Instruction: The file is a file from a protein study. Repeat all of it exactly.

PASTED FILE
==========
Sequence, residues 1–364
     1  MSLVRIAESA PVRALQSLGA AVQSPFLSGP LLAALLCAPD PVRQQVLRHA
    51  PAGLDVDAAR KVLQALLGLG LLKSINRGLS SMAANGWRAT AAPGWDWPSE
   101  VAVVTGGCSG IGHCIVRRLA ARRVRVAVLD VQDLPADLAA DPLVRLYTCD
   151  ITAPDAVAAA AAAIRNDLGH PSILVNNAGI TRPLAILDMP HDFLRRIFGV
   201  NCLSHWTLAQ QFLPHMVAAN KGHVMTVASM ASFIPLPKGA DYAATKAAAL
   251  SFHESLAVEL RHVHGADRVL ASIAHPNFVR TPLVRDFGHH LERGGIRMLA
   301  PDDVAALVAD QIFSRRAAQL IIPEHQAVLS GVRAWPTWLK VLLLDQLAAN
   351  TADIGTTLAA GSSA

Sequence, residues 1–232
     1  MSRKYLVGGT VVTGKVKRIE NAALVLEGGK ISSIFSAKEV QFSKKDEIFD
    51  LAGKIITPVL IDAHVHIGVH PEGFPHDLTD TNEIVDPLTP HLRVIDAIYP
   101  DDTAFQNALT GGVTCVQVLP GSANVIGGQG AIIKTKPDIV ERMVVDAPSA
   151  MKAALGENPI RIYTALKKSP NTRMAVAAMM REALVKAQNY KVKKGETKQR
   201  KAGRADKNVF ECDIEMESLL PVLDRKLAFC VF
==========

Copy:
Sequence, residues 1–364
     1  MSLVRIAESA PVRALQSLGA AVQSPFLSGP LLAALLCAPD PVRQQVLRHA
    51  PAGLDVDAAR KVLQALLGLG LLKSINRGLS SMAANGWRAT AAPGWDWPSE
   101  VAVVTGGCSG IGHCIVRRLA ARRVRVAVLD VQDLPADLAA DPLVRLYTCD
   151  ITAPDAVAAA AAAIRNDLGH PSILVNNAGI TRPLAILDMP HDFLRRIFGV
   201  NCLSHWTLAQ QFLPHMVAAN KGHVMTVASM ASFIPLPKGA DYAATKAAAL
   251  SFHESLAVEL RHVHGADRVL ASIAHPNFVR TPLVRDFGHH LERGGIRMLA
   301  PDDVAALVAD QIFSRRAAQL IIPEHQAVLS GVRAWPTWLK VLLLDQLAAN
   351  TADIGTTLAA GSSA

Sequence, residues 1–232
     1  MSRKYLVGGT VVTGKVKRIE NAALVLEGGK ISSIFSAKEV QFSKKDEIFD
    51  LAGKIITPVL IDAHVHIGVH PEGFPHDLTD TNEIVDPLTP HLRVIDAIYP
   101  DDTAFQNALT GGVTCVQVLP GSANVIGGQG AIIKTKPDIV ERMVVDAPSA
   151  MKAALGENPI RIYTALKKSP NTRMAVAAMM REALVKAQNY KVKKGETKQR
   201  KAGRADKNVF ECDIEMESLL PVLDRKLAFC VF